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Confession of a public-health expert

The public-health officials are getting around to admitting the fallibility of public-health officials.

The former head of the National Institutes of Health during the pandemic and current science advisor to President Joe Biden, Francis Collins, has noted that he and his colleagues demonstrated an "unfortunate" narrow-mindedness.

This is a welcome, if belated, confession.

Not too long ago, anyone who said that epidemiologists might be overly focused on disease prevention to the exclusion of other concerns -- you know, like jobs, mental health and schooling -- were dismissed as reckless nihilists who didn't care if their fellow citizens died en masse.

Now, Francis Collins has weighed in to tell us that many of the people considered close-minded and anti-science during COVID-19 were advancing an appropriately balanced view of the trade-offs inherent in the pandemic response.

"If you're a public-health person and you're trying to make a decision, you have this very narrow view of what the right decision is," Collins said at an event earlier this year that garnered attention online the last couple of days.

This is not a new insight, or a surprising one. It's a little like saying Bolsheviks will be focused on nationalizing the means of production over everything else, or a golf pro will be monomaniacal about the proper mechanics of a swing.

The problem comes, of course, when public health, or "public health," becomes the only guide to public policy. Then, you are giving a group of obsessives, who have an important role to play within proper limits, too much power in a way that is bound to distort your society.

Francis Collins, again: "So you attach infinite value to stopping the disease and saving a life. You attach zero value to whether this actually totally disrupts people's lives, ruins the economy, and has many kids kept out of school in a way that they never quite recover from."

True and well said, but that's an awful lot of very important things to attach "zero value" to.

He also admitted to having an urban bias, driven by working out of Washington D.C. and thinking almost exclusively about New York City and other major cities.

If Francis Collins and his cohort got it wrong, the likes of Florida governor Ron DeSantis and Georgia governor Brian Kemp -- and the renegade scientists and doctors who supported their more modulated approach to the pandemic -- got it right.

It's always worth remembering that the pandemic was a once-in-hundred-years event and initially, we had very little information and very few means to prevent and treat the disease. It is inevitable that decision-makers are going to make mistakes in such a crisis, and adjust as they go.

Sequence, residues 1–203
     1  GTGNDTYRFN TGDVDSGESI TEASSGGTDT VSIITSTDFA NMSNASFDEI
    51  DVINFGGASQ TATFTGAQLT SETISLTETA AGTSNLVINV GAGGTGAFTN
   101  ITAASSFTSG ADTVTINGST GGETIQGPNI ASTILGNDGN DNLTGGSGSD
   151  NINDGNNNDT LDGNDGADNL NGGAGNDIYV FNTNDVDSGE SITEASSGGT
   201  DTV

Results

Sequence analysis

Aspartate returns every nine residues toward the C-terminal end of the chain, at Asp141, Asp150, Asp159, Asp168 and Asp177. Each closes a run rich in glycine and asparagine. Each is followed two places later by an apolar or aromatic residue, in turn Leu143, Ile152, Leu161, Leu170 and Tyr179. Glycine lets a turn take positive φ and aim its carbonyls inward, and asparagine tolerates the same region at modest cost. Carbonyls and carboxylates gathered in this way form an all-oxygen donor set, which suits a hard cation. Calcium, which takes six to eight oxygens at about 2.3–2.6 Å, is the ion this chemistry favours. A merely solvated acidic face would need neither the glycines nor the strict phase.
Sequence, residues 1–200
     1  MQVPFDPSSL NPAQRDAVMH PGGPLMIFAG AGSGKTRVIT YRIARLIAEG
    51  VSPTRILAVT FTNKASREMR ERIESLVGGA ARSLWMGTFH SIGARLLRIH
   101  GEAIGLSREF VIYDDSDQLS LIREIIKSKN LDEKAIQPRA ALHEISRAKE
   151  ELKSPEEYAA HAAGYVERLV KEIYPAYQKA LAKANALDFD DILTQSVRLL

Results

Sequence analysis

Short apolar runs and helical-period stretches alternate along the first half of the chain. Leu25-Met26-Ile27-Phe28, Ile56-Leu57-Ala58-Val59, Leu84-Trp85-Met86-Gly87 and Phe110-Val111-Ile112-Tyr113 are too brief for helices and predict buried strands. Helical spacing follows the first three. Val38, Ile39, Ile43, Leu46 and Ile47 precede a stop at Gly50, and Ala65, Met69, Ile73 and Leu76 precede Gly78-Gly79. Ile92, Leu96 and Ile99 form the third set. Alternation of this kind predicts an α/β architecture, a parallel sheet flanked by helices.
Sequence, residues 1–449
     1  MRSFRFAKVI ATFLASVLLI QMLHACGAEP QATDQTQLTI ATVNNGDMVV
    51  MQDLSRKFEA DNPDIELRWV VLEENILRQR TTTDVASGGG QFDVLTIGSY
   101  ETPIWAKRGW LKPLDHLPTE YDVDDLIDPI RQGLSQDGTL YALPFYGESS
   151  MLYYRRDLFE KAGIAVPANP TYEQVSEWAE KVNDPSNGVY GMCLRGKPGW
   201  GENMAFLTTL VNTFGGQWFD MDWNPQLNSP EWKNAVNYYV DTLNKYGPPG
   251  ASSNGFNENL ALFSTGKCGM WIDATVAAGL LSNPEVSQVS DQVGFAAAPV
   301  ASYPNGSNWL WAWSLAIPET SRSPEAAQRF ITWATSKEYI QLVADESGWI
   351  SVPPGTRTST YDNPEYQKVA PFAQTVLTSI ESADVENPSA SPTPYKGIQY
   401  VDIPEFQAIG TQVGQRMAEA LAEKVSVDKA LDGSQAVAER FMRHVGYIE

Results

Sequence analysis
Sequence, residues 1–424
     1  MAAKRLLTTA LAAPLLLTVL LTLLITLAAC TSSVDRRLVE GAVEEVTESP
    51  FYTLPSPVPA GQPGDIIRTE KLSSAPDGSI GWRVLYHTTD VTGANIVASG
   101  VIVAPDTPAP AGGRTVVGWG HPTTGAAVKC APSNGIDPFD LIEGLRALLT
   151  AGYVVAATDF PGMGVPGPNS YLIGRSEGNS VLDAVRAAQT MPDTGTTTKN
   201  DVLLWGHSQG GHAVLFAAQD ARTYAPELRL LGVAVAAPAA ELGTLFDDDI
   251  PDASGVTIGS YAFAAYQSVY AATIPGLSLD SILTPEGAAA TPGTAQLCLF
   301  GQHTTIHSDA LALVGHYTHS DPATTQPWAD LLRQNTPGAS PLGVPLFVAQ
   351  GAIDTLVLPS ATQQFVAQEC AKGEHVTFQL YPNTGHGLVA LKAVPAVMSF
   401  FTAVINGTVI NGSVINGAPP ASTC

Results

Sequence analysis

That said, the scientists who were in positions of authority could have shown more modesty. They could have welcomed debate. They could have distanced themselves from -- or better yet, denounced -- the campaign of moral bullying carried out in their name.

Many people wanted to outsource their thinking to the experts and then, with a great sense of righteousness, rely on arguments from authority to demonize their opponents and shut down every policy dispute.

Francis Collins, one of the most eminent scientists in the country and a subtle thinker who dissents from the orthodoxy that science and faith are incompatible, would have been an ideal voice to counter the propaganda campaigns that aimed to suppress unwelcome views and even unwelcome facts. Instead, he stuck with his tribe.

It's progress, though, to realize that scientists, too, are susceptible to group-think, recency bias and parochialism; that the experts may know an incredible amount about a very narrow area, while knowing little to nothing about broader matters of greater consequence; that point of views considered dangerous lunacy may, over time, prove out, so they shouldn't be censored or otherwise quashed.

It's not just that the scientists acted like blinkered scientists during the pandemic; they tolerated, or participated in, agitprop that was inimical to the scientific spirit and to good public policy.

 

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